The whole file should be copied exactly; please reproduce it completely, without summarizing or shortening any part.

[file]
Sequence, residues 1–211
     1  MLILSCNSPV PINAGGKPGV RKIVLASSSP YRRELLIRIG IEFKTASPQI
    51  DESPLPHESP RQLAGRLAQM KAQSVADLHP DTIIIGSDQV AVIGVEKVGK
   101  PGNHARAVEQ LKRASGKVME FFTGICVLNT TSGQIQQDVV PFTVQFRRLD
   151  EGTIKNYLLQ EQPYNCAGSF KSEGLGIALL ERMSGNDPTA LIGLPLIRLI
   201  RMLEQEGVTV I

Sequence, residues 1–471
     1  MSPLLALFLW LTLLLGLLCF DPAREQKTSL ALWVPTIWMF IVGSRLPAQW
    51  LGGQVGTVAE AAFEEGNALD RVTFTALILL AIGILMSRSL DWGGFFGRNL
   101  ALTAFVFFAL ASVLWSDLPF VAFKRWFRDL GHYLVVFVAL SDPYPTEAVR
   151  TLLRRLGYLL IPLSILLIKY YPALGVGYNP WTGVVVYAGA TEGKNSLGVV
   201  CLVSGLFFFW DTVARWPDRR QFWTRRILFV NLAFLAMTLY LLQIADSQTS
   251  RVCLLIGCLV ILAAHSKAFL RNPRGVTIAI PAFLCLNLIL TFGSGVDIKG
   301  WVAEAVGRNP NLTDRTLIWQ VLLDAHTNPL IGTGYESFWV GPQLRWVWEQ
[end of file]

Sequence, residues 1–211
     1  MLILSCNSPV PINAGGKPGV RKIVLASSSP YRRELLIRIG IEFKTASPQI
    51  DESPLPHESP RQLAGRLAQM KAQSVADLHP DTIIIGSDQV AVIGVEKVGK
   101  PGNHARAVEQ LKRASGKVME FFTGICVLNT TSGQIQQDVV PFTVQFRRLD
   151  EGTIKNYLLQ EQPYNCAGSF KSEGLGIALL ERMSGNDPTA LIGLPLIRLI
   201  RMLEQEGVTV I

Sequence, residues 1–471
     1  MSPLLALFLW LTLLLGLLCF DPAREQKTSL ALWVPTIWMF IVGSRLPAQW
    51  LGGQVGTVAE AAFEEGNALD RVTFTALILL AIGILMSRSL DWGGFFGRNL
   101  ALTAFVFFAL ASVLWSDLPF VAFKRWFRDL GHYLVVFVAL SDPYPTEAVR
   151  TLLRRLGYLL IPLSILLIKY YPALGVGYNP WTGVVVYAGA TEGKNSLGVV
   201  CLVSGLFFFW DTVARWPDRR QFWTRRILFV NLAFLAMTLY LLQIADSQTS
   251  RVCLLIGCLV ILAAHSKAFL RNPRGVTIAI PAFLCLNLIL TFGSGVDIKG
   301  WVAEAVGRNP NLTDRTLIWQ VLLDAHTNPL IGTGYESFWV GPQLRWVWEQ